Zellmer: A strong brand needs a face. That’s why we’ll con­tin­ue to want brick-and-mor­tar deal­er­ships in the future. We need cus­tomer prox­im­i­ty and a local pres­ence. At the same time, a strong cus­tomer ori­en­ta­tion means tak­ing account of major changes in cus­tomer behav­ior. Our sales sys­tem will there­fore be avail­able to cus­tomers both online and offline, of course. That’s why we’ve been work­ing with deal­er­ships to build a dig­i­tal mar­ket­place for vehi­cles in stock, cus­tom-built, and used cars. This is of con­sid­er­able ben­e­fit to every­one involved, and we view it as a very impor­tant way of sup­port­ing e‑commerce. In con­crete terms: as of sum­mer 2021 we’ll have a mar­ket­place at vw.com, where deal­ers can post their stock of new and used cars on a trans-region­al basis—including online leas­ing and financ­ing with cred­it rat­ings. Cus­tomers can view a wide range of cars on offer and buy them from the deal­er­ships online. Here, too, we’re quick­ly work­ing to add online financ­ing and pay­ment options. We’re expect­ing this approach to help us reach a lot of new inter­net-savvy cus­tomers.

What role will dealership repair services play when electric drives start dominating the market?

Zellmer: First of all, we’re assum­ing that peo­ple will start dri­ving more as the pan­dem­ic comes to an end. There’ll be a back­log of repairs and main­te­nance pro­ce­dures that were post­poned dur­ing the lock­down. I also antic­i­pate a greater trend toward tak­ing vaca­tion trips by car. These and sim­i­lar changes in mobil­i­ty behav­ior will gen­er­ate new oppor­tu­ni­ties. Over the medi­um and long term it will be impor­tant to work with deal­er­ships to make even bet­ter use of exist­ing mar­ket con­di­tions.

How will the Volkswagen Passenger Cars brand redefine its customer journeys? What changes will you make in addressing customers?

Zellmer: All kinds of things are chang­ing there too, of course. User behav­ior had already been chang­ing sig­nif­i­cant­ly before the pan­dem­ic, but the lock­down had a tur­bocharg­ing effect on dig­i­tal mar­ket­ing. Cus­tomer dia­logues used to come to an end when cars were pur­chased. Today, we want and need to accom­pa­ny our cus­tomers beyond that point in time. That’s why we’re work­ing full steam ahead on shift­ing cus­tomer jour­neys from a lin­ear track to a closed cir­cuit, in order to tai­lor our offers even bet­ter to what they desire. Nine­ty-five per­cent of poten­tial buy­ers are now start­ing the process by vis­it­ing our web­site. That shows the over­whelm­ing impor­tance of an excel­lent online pres­ence. It’s where we tell almost all of our cus­tomers what Volk­swa­gen stands for, and what prod­ucts we and our deal­er­ships can offer.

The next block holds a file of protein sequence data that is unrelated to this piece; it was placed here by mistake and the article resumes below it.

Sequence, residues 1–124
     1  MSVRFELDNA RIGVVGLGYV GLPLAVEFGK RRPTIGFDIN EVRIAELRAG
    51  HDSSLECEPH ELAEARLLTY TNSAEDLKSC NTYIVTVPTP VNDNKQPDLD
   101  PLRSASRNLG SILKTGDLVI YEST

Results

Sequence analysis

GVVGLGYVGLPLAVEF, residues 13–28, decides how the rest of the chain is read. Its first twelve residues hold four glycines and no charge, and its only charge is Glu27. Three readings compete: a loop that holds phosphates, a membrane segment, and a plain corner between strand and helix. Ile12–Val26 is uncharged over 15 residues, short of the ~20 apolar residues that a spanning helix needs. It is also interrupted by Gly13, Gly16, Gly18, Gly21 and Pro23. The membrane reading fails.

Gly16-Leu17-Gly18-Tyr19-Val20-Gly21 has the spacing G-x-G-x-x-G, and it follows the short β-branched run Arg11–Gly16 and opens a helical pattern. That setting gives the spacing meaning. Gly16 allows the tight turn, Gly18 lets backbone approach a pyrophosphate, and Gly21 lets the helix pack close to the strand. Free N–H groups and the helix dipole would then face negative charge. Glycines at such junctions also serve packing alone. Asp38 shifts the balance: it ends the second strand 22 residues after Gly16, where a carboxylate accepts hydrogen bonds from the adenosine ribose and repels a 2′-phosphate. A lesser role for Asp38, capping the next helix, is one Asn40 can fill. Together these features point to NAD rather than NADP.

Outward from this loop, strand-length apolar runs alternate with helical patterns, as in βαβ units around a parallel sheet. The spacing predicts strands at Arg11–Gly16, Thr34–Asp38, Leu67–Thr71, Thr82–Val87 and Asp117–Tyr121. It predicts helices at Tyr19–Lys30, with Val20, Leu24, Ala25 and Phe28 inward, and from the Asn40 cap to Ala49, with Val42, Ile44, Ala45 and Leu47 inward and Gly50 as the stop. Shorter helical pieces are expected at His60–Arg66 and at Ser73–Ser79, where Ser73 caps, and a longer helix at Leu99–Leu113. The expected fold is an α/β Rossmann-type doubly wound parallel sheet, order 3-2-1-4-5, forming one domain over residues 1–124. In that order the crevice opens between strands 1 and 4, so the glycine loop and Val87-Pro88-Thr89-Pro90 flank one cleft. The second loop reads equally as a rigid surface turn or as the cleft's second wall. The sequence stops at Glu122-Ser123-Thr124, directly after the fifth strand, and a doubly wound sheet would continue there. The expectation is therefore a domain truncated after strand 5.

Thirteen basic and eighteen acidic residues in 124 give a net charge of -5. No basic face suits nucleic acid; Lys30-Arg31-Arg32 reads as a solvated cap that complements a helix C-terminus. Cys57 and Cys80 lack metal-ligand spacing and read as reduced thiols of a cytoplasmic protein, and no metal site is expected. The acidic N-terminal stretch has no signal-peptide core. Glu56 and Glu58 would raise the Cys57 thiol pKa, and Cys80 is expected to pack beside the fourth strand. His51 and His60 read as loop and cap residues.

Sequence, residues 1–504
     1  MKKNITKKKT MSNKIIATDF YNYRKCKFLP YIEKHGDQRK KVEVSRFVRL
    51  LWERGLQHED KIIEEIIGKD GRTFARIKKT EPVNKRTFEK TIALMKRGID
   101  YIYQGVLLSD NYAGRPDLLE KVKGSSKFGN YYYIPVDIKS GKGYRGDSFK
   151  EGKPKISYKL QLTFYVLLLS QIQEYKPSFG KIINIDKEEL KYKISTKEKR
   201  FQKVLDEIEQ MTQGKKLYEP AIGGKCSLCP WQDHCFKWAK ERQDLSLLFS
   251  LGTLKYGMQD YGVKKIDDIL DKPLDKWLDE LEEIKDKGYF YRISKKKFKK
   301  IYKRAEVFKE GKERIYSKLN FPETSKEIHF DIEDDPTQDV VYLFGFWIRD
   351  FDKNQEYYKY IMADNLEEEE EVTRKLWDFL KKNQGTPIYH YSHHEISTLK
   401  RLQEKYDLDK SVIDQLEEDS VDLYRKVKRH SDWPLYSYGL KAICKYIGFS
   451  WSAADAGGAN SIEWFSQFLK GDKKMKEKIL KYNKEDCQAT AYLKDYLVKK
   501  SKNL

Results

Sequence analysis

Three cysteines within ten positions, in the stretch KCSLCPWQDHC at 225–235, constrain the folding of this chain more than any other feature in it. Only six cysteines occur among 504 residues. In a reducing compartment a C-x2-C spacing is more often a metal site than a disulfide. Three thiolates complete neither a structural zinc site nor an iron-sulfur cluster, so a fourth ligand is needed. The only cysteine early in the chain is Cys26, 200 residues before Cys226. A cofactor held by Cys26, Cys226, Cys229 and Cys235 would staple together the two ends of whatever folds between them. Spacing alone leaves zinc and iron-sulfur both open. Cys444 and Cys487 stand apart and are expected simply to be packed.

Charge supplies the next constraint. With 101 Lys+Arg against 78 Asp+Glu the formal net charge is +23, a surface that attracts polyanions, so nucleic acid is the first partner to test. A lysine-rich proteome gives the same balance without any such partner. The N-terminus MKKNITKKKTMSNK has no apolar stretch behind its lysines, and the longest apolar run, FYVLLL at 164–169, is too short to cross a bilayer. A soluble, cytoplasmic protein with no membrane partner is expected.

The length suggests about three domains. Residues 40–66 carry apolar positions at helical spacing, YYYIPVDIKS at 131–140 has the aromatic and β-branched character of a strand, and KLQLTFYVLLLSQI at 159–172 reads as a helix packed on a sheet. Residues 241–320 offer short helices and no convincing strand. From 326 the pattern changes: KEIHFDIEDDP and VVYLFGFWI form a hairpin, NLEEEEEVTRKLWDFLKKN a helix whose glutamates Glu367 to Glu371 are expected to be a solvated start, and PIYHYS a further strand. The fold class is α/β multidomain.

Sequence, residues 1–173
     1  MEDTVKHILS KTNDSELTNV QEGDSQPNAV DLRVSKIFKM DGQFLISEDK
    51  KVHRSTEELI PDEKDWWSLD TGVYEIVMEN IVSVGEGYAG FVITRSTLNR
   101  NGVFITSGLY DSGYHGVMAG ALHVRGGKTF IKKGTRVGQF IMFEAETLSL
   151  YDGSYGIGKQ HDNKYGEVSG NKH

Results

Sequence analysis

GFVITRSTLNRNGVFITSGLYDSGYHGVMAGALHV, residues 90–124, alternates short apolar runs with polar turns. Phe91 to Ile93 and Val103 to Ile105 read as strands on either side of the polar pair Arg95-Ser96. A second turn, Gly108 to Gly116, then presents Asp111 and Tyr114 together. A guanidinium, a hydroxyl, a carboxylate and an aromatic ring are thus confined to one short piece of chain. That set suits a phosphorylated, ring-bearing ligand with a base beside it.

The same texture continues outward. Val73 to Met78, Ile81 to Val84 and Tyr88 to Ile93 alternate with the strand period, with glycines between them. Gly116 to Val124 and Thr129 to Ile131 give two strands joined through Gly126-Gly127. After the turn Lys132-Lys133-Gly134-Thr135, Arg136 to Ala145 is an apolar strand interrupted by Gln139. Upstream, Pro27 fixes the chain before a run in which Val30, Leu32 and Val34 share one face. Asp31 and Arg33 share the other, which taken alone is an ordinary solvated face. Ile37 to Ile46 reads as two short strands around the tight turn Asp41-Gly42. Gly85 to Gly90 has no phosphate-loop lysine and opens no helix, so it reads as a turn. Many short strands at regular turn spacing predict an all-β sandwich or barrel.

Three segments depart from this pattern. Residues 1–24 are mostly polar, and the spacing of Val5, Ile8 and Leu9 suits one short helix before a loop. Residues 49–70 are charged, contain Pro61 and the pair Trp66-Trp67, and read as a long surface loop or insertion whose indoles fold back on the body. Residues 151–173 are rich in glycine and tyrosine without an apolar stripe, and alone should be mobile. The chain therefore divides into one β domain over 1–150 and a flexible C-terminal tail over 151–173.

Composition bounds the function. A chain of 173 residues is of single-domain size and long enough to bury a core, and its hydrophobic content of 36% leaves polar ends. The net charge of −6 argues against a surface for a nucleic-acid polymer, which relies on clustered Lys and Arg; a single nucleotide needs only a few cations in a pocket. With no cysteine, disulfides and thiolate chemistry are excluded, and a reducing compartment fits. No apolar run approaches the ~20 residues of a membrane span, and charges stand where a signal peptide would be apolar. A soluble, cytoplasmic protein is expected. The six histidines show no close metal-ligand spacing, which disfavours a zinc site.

And what is Volkswagen changing?

Zellmer: In order to help cus­tomers find what they’re look­ing for more quick­ly, we’ve con­sol­i­dat­ed all our online touch­points in a sin­gle place—OneHub. We’ve rolled it out at high speed in more than 100 mar­kets. Buy­ers enjoy a great cus­tomer expe­ri­ence and need just a few clicks to con­fig­ure their dream car. In con­trast to before, we now want to remain in dia­logue with cus­tomers after their deci­sion to buy or lease in order to offer not only tra­di­tion­al but also dig­i­tal ser­vices. For exam­ple, before they set off on vaca­tion we can offer Trav­el Assist or addi­tion­al bat­tery power on demand for long-dis­tance trav­el. We want and need to get these and other ben­e­fits across to our cus­tomers. Over the com­ing years we’re expect­ing these dig­i­tal aux­il­iary ser­vices over the entire vehi­cle life cycle to reach hun­dreds of mil­lions of euros in sales.

Volkswagen AG
Volkswagen AG

Future car generations will be produced with considerably fewer variants.

Klaus Zellmer
Member of the Board of Management of the Volkswagen Passenger Cars brand with responsibility for Sales, Marketing and After Sales